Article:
Timber industry broadly welcomes Hammond’s Autumn Statement

24 November 2016

The Government’s shift from austerity to fiscal stimulus, with infrastructure and housing at the heart of efforts to boost economic productivity, has been broadly welcomed by umbrella-body, the Confederation of Timber Industries (CTI).

The shift was signalled by the Chancellor of the Exchequer Philip Hammond’s Autumn Statement yesterday, and in its reaction the organisation said it should help the timber industry.

"The conditions next year are challenging, especially considering the continued uncertainty and the £122bn loss that the OBR expects from Brexit. In light of this, we welcome the switch in focus from austerity to fiscal stimulus and opportunities in the real economy,” said David Hopkins, managing director of the Timber Trade Federation (TTF), speaking on behalf of the CTI.

"Setting housing and infrastructure at the heart of our economic policy is good news and will have a positive effect on the timber sector. The Business Rates reduction package on the surface will give a boost, especially for our rural members though it may not adequately address the challenges that they face - we will be analysing the detail carefully."

"The emphasis on productivity throughout is paramount and we very much welcome the National Productivity Investment Fund and initiatives to drive growth through LEPs and devolved administration and look forward to seeing more detail on how these plans will be enacted.”

Iain McIlwee, chief executive of the British Woodworking Federation (BWF) added: "The key word in the statement is productivity and we need to drill into the detail here. The danger is that in the macro headline we lose some of the important micro drivers – we must remember that we are not always comparing apples with apples and I think herein the Chancellor has set a challenge to industries to do more to benchmark our own productivity.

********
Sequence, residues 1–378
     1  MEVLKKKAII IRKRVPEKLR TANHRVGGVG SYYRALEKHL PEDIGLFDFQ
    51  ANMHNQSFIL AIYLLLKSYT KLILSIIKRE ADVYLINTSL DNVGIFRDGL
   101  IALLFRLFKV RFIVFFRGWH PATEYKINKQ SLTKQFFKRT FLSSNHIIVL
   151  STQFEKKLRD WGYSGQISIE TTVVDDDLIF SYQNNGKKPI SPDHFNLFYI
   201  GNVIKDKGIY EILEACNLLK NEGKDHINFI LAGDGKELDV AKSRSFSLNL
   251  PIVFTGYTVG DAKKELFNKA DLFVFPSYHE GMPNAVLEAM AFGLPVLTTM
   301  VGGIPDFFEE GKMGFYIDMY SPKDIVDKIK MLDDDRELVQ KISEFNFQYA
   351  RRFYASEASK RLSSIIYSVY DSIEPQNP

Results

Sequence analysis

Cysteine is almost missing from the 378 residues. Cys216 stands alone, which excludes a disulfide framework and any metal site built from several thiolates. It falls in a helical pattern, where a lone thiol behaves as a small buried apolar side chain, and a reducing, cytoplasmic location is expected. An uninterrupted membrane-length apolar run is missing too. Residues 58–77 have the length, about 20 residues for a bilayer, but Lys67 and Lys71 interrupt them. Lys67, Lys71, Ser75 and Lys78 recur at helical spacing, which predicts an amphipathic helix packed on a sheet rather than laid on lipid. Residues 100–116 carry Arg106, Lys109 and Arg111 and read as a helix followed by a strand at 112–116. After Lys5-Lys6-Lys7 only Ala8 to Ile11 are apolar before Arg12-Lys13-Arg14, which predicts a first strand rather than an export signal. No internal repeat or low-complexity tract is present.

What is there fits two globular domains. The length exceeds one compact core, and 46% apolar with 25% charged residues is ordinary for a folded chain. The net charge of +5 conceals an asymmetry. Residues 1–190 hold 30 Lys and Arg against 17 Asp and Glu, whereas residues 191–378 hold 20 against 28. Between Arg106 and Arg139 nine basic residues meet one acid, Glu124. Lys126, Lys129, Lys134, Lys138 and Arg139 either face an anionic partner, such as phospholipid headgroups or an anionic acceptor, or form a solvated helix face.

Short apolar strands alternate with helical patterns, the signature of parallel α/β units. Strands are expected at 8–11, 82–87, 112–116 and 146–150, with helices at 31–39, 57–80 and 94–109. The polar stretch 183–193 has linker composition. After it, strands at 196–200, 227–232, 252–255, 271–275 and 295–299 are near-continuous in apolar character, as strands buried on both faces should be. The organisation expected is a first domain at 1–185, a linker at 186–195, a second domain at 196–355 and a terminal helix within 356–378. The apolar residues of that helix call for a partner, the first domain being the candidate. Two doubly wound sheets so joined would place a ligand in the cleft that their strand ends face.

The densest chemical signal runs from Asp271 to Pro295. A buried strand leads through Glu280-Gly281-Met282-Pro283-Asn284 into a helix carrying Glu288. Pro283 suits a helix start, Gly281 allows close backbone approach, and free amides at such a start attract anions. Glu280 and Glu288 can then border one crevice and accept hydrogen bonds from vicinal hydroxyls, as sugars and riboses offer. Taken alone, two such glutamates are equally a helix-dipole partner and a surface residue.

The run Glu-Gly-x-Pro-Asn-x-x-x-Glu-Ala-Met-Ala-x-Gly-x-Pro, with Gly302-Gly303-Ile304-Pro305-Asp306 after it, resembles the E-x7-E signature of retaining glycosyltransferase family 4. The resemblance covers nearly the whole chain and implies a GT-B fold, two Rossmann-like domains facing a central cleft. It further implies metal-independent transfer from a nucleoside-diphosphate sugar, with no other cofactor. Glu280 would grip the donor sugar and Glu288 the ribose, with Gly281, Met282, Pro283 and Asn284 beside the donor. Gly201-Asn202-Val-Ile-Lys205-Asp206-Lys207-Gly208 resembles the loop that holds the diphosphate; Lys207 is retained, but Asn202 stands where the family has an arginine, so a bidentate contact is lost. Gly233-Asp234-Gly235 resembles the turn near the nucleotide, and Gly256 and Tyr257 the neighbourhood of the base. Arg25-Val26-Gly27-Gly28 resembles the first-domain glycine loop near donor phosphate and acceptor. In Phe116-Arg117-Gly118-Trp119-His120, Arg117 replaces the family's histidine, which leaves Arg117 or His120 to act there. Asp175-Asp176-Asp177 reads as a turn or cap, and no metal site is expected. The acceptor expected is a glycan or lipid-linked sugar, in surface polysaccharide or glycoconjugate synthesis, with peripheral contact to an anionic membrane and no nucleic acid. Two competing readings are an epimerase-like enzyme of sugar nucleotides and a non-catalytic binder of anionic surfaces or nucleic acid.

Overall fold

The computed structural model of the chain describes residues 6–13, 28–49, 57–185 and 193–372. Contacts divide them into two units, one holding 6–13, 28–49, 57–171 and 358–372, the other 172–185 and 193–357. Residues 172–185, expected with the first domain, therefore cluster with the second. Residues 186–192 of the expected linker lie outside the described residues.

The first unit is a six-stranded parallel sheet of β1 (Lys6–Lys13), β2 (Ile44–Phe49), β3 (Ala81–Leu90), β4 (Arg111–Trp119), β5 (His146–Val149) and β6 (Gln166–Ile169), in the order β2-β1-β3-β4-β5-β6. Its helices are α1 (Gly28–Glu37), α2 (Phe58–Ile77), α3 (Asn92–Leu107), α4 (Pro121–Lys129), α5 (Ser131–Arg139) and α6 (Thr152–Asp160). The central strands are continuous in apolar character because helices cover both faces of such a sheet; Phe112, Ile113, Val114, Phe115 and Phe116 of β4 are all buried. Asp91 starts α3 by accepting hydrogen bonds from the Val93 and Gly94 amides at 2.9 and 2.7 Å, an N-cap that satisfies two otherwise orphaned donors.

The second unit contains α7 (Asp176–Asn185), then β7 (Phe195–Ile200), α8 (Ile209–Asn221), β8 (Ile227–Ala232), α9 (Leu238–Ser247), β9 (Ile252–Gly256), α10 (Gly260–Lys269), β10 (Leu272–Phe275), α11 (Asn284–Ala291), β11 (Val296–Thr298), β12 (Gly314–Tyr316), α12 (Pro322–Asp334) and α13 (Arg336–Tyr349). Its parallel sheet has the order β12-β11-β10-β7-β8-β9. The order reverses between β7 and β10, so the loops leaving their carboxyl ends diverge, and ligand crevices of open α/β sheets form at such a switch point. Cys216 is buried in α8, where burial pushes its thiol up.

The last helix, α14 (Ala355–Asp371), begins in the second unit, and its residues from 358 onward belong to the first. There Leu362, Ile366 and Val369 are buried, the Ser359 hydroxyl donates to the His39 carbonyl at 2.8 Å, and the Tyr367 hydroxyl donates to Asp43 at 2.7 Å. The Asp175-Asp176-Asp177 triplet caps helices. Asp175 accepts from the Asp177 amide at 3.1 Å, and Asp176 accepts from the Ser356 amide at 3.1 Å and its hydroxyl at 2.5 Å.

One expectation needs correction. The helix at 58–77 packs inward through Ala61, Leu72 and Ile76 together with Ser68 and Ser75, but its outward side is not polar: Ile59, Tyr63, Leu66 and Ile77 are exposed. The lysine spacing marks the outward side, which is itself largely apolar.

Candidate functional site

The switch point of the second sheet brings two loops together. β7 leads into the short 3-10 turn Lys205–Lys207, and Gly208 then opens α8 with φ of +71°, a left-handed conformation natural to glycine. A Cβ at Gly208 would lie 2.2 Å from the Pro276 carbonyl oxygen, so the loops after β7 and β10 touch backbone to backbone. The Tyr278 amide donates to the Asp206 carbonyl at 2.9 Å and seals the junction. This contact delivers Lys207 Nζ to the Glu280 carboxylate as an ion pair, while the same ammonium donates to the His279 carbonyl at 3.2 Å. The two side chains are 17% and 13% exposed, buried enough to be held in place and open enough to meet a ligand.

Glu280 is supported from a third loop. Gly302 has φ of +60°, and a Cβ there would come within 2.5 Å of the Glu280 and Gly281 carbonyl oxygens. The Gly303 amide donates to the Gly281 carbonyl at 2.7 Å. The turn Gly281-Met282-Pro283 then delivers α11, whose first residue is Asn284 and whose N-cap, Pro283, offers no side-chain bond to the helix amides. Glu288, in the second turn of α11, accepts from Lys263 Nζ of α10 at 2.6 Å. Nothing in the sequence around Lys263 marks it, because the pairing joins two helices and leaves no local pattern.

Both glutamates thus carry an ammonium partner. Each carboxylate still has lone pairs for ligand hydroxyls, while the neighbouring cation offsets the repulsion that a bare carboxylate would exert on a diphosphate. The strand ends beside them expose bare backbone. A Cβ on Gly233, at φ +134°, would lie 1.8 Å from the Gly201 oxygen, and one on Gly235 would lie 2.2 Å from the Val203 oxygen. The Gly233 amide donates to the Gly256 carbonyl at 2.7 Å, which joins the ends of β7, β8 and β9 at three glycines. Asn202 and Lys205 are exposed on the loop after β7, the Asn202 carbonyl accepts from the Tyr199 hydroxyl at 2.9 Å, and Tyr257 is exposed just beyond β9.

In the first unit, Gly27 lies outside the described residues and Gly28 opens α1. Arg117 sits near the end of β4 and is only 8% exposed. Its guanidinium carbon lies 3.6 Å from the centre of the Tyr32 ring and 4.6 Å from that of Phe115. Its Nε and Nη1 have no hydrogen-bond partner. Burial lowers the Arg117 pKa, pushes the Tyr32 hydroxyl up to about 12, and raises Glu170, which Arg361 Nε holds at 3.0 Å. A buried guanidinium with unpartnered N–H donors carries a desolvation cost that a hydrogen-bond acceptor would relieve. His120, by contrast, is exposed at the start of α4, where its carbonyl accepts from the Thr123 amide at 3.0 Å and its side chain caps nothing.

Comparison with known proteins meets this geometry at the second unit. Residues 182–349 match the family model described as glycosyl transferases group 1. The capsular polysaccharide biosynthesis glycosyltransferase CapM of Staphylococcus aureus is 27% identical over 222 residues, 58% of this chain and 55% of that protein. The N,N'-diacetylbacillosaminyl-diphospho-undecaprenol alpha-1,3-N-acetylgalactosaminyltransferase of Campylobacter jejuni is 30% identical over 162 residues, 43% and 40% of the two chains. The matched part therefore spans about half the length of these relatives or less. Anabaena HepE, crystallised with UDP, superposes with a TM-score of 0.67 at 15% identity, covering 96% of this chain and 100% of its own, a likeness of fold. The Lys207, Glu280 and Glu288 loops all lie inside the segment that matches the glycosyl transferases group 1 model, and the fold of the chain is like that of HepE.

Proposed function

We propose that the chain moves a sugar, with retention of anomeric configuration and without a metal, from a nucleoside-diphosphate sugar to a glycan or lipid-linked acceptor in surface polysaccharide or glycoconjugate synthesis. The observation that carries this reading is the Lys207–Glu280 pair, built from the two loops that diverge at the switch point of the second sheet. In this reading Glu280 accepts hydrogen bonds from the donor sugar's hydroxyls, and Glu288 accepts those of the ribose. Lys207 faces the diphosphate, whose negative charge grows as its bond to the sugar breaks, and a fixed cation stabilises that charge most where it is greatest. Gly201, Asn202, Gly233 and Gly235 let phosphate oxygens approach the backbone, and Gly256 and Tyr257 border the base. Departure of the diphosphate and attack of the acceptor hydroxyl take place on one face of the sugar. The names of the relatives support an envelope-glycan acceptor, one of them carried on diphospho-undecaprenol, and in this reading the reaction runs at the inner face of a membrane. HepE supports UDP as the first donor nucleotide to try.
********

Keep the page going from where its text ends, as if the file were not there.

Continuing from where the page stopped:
"That aside, if we look at the key components of productivity, the Chancellor was quiet on Skills. Management Skills had some attention and we also heard heralded that there is a growing number of graduates – this is no doubt a good thing, but unfortunately used in this way we are reinforcing an emphasis on academic options. Part of the growth plan is to focus attention on quality apprentices and it is disappointing that this did not get highlighted in the same way."

"The other notable omission was the whole natural capital agenda and given our recent pledges to the Paris Agreement we cannot let this take a back seat. Resource efficiency goes hand in glove with productivity. We welcome the opportunity to work with the Chancellor and his team to demonstrate that effective carbon accounting can drive productivity and set the UK apart as a true global leader.”